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2 December 2015
Chile claims oldest stone tools in the Americas

Stone tools, cooked animal and plant remains, and fire pits found at the Monte Verde site in southern Chile provide evidence that the earliest known Americans were established more than 15,000 years ago.
     It is familiar ground for anthropologist Tom Dillehay, who has worked there since 1977. His excavations have yielded a wide variety of evidence of a small human settlement, using stone tool technology that predates the Clovis people by about 1,500 years. Finds include hearths, the remains of local animals, wooden posts from approximately twelve huts, scraps of clothing made of hide, a portion of mastodon meat with preserved DNA, and even a human child's footprint preserved in clay. Dillehay also uncovered possible evidence of a much earlier human presence at a nearby site called MVI, dating to 30,000 years ago.
     Dillehay's findings were initially greeted with skepticism by the archaeological community, but subsequent excavations by other archaeologists at sites in both North and South America have also yielded evidence supporting an earlier human migration through the Americas.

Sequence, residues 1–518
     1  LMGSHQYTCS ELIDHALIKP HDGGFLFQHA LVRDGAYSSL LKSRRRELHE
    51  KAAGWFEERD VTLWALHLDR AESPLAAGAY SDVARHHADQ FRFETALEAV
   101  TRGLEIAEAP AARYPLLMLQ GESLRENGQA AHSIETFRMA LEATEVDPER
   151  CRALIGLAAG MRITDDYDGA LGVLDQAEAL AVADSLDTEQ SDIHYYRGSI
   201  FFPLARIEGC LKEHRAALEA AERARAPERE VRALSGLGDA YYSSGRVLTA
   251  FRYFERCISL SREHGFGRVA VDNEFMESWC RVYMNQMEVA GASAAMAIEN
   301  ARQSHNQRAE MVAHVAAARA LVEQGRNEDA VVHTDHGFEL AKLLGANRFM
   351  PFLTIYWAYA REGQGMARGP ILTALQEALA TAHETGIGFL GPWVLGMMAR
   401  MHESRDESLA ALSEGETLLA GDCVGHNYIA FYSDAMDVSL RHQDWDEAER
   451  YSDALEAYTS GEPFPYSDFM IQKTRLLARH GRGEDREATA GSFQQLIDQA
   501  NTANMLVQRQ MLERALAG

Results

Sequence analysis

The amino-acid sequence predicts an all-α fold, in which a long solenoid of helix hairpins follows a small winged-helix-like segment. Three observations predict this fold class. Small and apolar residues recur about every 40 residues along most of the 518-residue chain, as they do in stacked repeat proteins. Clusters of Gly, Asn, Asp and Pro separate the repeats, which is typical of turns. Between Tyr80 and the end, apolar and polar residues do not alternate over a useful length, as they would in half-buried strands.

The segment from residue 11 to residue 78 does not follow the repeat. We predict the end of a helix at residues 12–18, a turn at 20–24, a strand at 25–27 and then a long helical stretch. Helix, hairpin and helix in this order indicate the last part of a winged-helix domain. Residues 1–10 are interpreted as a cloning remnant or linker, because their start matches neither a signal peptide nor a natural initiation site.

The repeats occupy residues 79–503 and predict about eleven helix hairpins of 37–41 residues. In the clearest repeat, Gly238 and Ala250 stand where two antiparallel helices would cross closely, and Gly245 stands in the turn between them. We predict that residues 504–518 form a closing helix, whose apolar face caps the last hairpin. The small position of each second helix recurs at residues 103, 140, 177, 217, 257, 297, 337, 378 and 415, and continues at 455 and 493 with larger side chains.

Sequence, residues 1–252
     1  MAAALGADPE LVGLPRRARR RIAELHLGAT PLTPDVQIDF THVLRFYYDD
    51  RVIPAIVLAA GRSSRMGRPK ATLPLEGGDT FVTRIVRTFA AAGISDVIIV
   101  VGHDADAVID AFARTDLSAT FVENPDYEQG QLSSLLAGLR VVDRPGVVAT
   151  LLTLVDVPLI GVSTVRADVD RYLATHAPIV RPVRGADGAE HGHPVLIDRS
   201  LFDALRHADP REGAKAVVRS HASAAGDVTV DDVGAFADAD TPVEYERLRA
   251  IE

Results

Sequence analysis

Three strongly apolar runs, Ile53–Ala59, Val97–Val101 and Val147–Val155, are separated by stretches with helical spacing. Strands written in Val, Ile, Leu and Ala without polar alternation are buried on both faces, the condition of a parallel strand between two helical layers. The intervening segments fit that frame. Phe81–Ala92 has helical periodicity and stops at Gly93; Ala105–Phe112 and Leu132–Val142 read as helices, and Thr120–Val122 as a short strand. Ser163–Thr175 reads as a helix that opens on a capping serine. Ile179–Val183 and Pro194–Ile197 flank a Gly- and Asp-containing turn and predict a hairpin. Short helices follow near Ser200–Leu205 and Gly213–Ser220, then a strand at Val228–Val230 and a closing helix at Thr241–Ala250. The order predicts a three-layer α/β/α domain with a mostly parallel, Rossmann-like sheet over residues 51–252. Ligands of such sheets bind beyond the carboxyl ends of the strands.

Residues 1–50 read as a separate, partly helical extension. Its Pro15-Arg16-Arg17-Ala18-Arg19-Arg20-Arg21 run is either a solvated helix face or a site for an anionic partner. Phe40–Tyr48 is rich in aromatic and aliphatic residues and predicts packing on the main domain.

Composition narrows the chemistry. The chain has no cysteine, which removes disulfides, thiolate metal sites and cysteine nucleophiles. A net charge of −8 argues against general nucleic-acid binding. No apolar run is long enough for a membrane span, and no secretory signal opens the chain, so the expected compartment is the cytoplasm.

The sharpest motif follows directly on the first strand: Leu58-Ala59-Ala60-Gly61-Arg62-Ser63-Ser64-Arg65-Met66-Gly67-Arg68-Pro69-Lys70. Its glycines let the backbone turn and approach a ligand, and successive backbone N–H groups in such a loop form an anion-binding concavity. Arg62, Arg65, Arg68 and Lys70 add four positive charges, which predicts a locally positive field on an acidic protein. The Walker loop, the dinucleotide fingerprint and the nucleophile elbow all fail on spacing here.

The team recovered a total of 39 stone objects and revealed 12 small fire pits associated with bones and some edible plant remains, including nuts and grasses. The bones tended to be small fragments, broken and scorched, indicating that the animals had been cooked. They often came from very large animals, like prehistoric llamas or mastodons. The objects were radiocarbon dated and most were found to range in age from more than 14,000 to almost 19,000 years old.
     The wide scattering suggests the people were nomadic hunter-gatherers who might have camped for only a night or two before moving on. "Where they're going, we don't know, and where they're coming from, we don't know, but this would have been a passageway from the coast to the foothills of the Andes," Dillehay said. "It appears that these people were there in the summer months," Dillehay adds. Only later, around 15,000 years ago, did the climate warm enough to support the kind of longer-term settlement found at MVII.
     Together the findings support an earlier peopling of the Americas, although questions inevitably remain about how the hemisphere was settled.

Edited from Science (18 November 2015), Popular Archaeology (19 November 2015)

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